Portable generators make a lot of sense when you need power where there is none available. Job sites without utility service, campgrounds that lack electrical hookups, picnics, tailgating, and anywhere else that can’t be reasonably reached with an extension cord.
Fortunately, portable generators are available with capacities that range from less than 1000 watts to more than 15,000 watts. Whether you need a little power at a campsite or a lot of power on the job, there are portable generators designed to fit nearly every need.
Portables can produce good quality power, but many do not, and that is especially true in the off-brand market where manufacturers save money by using low-tech speed governors and alternators, or inadequately sized motors.
The A-C signal should have a frequency of 60 hertz with a sinusoidal waveform, but as load increases, frequency drops as the motor slows and then current increases as the voltage drops with the frequency. The distorted power characteristics can play havoc with electronics and may damage motors.
Generators are often used for extended periods of time. It’s not uncommon to start a job-site portable at the beginning of the work day and keep it running all day long. At the campground, operating a small refrigerator will require a generator that can run all day and into the night.
One very important safeguard for engines is a low-oil shutoff feature. If oil levels drop to a level that could cause engine damage, the generator will shut down automatically before damage occurs.
Another safeguard that isn’t as obvious is an adequately sized engine. When generators run at their maximum specified power, an engine that is barely able to keep up won’t take additional load easily and wear increases dramatically. A better generator will have an engine that provides an adequate margin of power for the generator’s continuous load rating.
Planning to buy a portable generator for use when the power goes out? Think carefully before you go ahead. Some manufacturers advertise their products for use during a power outage, but a portable generator may not be the best choice.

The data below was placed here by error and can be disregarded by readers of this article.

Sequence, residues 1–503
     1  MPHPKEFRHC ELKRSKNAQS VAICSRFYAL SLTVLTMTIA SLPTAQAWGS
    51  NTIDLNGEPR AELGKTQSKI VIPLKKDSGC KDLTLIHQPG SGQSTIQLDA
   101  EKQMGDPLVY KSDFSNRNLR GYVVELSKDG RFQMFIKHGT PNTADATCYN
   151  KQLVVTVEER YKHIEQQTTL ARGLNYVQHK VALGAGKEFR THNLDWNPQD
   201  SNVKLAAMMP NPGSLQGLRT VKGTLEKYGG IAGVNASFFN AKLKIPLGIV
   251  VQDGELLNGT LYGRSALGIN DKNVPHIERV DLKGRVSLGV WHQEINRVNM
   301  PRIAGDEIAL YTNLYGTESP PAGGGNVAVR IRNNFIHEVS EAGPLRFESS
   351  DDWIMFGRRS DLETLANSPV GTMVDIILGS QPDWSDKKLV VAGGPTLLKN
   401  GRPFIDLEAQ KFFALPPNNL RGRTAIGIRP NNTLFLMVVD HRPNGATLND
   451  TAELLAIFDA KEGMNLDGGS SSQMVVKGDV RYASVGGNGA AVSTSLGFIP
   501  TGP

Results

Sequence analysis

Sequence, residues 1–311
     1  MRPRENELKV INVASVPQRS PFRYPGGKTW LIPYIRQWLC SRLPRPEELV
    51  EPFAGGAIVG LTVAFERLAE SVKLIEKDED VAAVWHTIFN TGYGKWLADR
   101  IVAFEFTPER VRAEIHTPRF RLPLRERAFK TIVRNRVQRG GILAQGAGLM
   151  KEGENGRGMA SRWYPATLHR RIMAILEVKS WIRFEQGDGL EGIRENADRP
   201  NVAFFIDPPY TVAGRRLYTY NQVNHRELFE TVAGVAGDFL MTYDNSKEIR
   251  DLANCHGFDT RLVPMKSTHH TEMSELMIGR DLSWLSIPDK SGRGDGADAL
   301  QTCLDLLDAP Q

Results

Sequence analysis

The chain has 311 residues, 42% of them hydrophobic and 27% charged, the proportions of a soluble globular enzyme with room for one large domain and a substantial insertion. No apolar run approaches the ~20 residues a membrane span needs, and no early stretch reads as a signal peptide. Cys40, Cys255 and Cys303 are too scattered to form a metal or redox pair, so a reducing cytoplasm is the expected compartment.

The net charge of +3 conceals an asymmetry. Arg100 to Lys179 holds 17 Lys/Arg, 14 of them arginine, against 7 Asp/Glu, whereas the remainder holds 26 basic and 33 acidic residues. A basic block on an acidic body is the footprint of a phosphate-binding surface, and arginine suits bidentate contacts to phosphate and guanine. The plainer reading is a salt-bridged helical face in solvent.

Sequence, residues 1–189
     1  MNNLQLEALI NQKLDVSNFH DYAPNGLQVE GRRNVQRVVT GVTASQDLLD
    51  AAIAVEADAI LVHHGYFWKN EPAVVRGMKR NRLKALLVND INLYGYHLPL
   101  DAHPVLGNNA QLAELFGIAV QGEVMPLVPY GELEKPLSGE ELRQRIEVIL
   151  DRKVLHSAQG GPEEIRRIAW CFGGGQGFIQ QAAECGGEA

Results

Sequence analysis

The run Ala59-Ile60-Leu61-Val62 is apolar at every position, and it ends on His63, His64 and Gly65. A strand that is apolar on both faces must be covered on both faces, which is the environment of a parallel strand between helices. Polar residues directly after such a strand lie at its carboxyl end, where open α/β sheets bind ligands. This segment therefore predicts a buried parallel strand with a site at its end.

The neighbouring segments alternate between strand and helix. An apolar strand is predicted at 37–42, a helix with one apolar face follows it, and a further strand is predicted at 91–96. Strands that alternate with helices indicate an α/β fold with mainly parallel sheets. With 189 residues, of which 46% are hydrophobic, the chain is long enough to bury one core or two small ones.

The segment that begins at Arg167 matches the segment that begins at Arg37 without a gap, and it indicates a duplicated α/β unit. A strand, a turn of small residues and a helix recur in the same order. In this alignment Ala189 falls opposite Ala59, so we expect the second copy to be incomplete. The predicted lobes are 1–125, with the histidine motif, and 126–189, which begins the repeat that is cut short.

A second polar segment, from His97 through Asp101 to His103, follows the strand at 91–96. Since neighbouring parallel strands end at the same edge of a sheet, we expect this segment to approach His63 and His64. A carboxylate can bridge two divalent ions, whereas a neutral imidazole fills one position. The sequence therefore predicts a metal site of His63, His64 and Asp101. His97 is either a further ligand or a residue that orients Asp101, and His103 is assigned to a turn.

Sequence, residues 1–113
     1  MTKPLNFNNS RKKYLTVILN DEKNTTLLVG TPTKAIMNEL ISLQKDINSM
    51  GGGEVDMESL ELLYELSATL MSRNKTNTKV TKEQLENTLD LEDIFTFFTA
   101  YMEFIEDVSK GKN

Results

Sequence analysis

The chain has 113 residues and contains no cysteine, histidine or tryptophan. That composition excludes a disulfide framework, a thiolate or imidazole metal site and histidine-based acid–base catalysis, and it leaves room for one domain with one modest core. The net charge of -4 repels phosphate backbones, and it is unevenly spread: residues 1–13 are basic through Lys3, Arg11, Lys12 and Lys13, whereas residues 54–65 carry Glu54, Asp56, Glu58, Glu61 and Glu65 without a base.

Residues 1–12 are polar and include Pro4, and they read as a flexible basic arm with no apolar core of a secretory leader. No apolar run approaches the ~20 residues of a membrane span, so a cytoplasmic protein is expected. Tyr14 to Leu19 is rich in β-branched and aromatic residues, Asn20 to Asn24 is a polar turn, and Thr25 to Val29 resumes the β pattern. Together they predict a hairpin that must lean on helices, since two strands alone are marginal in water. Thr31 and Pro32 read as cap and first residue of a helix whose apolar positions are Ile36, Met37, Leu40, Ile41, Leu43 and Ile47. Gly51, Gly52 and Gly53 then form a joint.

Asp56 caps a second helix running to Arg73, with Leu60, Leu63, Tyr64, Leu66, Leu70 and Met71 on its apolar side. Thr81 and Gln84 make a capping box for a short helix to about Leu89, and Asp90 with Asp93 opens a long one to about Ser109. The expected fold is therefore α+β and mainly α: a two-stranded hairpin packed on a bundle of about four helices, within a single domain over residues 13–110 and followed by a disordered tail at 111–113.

Unlike standby generators, portables are not automatic and they tend to be noisier and have shorter maintenance periods. They don’t start automatically and won’t run if you are not home to hook them up, start them, and keep them running with a continuous supply of fuel. If you can’t install a standby unit, a portable may help out—if you’ve properly prepared your home in advance.
The best way to connect a portable generator is a manual transfer switch and inlet box. The generator connects to the inlet receptacle with a heavy-duty cable from the manufacturer. The transfer switch isolates your home from the utility lines and powers a limited number of circuits from the generator.
A second option is to use outdoor-rated, heavy duty extension cords. These allow you to power individual appliances, but furnaces and other hard-wired appliances won’t have power.
Important Safety Note: Never backfeed your home through an appliance outlet. Online forums and blogs may say it is okay, but backfeeding your home with a generator is dangerous and sometimes deadly. Backfeeding can kill or injure utility workers or unsuspecting neighbors. Always connect the home with a manual transfer switch and a correctly sized cable.
Wherever you plan to use your generator, choose one that will supply enough power for all your loads and provide a margin that prevents accidental overloading. Total the power requirements in watts for each load, then add the highest surge load to the total.
Surge is the additional power a motor or other inductive loads require to start. Many motors use triple their running power as they start. A refrigerator that normally uses 900 watts will require 2700 watts for a second or two when the compressor motor starts.
If the power in watts is not provided for an appliance, calculate it by multiplying volts by amps. Amps should be provided on an appliance nameplate. In some cases, power is expressed as V-A, which roughly translates to watts.
A five-amp appliance that runs on 120 volts uses 120V x 5A = 600 watts.
Some generator brands list their models by surge load rather than continuous load. Compare these two models. Although they appear similar, one provides much more power than the other.
- Company A offers the M-3500 with 4200 watts of surge power and 3500 watts continuous power.
- Company B offers the S-3700 with 3700 watts of surge power and 2900 watts of continuous power.
Selecting a good portable generator that fits your purpose and your power requirements will ensure your investment provides long-lasting service and electrical power when and where you need it.